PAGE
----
Is It Time to Get Rid of Sales Engineers?

 

Sales Engineers help vendors sell their products. But do they help clients get the solutions they need? 

Enterprise systems should be tailored to meet the individual needs of each organization. When shopping for an enterprise system, many technical factors must be considered to make sure these needs are properly addressed. This is where the role of a Sales Engineer comes in. Sales Engineers provide detailed information on features, performance, and other technical considerations while demonstrating how their company’s offering can provide the solution the prospective client needs. But the job of a Sales Engineer is not designed to directly serve the customer’s interests; it’s designed to help close the sale.

This presents a conflict of interest. There can be significant pressure to over-promise in order to help win the sale. Once the sale is won, it’s then up to the professional services staff members of the implementation team to deliver on the promises made by the Sales Engineer. Sometimes this means it falls to them to tell the client that they won’t be getting what they were expecting, at least not within the planned budget and timeframe. This is not a customer-centric model.

For clients, the solution is to insist that members of the implementation team take on the role of the Sales Engineer. In order to reduce the chances the vendor will over-promise and under-deliver, those who describe the solution their company will deliver should be the same people who are directly responsible for implementing it.

Vendors don’t like this approach for a number of reasons. Managing the logistics of a professional services team is already inherently difficult. They need a big enough services team to make sure clients get the service they need in a timely manner, but they don’t want to pay staff to sit around if there’s not enough billable work.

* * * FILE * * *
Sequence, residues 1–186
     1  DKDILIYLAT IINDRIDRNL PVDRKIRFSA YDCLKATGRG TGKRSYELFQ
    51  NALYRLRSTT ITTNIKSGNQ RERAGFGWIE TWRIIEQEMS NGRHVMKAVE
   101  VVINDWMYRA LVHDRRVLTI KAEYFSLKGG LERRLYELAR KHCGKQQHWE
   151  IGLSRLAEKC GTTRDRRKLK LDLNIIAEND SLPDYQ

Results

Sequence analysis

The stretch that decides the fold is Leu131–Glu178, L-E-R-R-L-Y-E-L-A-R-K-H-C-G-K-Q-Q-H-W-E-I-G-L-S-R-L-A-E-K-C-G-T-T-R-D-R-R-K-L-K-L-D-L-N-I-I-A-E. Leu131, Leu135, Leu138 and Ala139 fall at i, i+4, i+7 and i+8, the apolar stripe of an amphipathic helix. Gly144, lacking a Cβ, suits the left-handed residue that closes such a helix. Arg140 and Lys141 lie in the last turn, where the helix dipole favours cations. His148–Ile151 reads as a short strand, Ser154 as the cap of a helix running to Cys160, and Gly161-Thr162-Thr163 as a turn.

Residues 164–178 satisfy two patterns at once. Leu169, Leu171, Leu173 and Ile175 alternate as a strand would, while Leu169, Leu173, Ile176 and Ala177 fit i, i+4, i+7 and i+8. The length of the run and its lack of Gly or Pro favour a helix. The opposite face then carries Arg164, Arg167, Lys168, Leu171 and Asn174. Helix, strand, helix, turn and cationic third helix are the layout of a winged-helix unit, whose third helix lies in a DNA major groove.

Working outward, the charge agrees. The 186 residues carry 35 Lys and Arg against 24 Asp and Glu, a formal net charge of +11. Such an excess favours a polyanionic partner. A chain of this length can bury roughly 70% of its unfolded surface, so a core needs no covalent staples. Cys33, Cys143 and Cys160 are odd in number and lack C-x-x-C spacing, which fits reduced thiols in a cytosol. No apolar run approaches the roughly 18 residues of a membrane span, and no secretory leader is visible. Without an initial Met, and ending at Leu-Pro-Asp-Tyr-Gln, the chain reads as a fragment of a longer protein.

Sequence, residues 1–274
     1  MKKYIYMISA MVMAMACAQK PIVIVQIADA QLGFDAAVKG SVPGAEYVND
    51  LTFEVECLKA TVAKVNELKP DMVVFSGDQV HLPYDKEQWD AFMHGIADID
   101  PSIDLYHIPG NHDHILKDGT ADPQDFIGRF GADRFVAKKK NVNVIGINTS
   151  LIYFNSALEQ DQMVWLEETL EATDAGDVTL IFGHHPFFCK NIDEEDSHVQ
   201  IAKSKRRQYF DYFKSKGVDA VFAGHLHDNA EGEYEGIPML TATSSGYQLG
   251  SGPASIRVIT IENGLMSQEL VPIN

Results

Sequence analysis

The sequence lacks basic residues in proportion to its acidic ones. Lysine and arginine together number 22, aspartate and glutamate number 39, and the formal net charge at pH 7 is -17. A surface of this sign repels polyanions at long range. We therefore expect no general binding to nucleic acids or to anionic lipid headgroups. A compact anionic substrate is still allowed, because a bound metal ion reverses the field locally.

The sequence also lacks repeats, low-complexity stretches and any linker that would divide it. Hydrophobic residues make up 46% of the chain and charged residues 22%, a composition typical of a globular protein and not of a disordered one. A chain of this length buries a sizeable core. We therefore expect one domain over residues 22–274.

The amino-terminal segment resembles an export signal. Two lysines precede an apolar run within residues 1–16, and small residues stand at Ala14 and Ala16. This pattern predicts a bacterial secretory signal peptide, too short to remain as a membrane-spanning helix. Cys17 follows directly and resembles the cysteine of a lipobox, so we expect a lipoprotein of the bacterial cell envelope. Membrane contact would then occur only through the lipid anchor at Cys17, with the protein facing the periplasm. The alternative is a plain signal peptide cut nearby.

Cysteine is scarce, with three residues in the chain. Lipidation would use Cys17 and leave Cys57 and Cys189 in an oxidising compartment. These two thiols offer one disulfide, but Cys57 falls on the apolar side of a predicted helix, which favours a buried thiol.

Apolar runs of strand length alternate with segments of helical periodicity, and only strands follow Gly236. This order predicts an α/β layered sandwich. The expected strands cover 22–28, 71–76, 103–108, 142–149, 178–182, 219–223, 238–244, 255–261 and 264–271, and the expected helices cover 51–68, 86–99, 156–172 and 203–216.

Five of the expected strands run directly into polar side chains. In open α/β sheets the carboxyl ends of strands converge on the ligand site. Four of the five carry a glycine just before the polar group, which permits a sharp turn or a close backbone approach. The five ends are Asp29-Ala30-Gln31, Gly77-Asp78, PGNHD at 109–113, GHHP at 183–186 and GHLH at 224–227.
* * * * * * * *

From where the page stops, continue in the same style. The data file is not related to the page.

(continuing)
And there’s a different rhythm to the implementation process when compared with sales cycles. Professional services staff might be dedicated to a project for weeks or months at a time. This stands in contrast with the start-and-stop nature of the sales process. When managing a professional services team, one of the main priorities is optimizing the team’s billable time. Involving services staff in the sales process reduces their availability for paying work.

Also, incentives for Sales Engineers are different than for those providing services. Sales Engineers typically have a significant part of their compensation based on the revenue from sales they help win. Services staff generally have a much larger part of their compensation based on a fixed salary, with perhaps some bonuses based on client satisfaction and utilization.

But in the end, the “customer is king.” The sales and delivery process should focus on the best overall experience and outcome for the customer, not the convenience of the vendor. Customers who want to be sure that expectations set during the sales process are met should require that the technical experts involved in the sale are the same people who are directly responsible for the successful implementations of the solution they’re buying.

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Adam Hunter, LMN Architects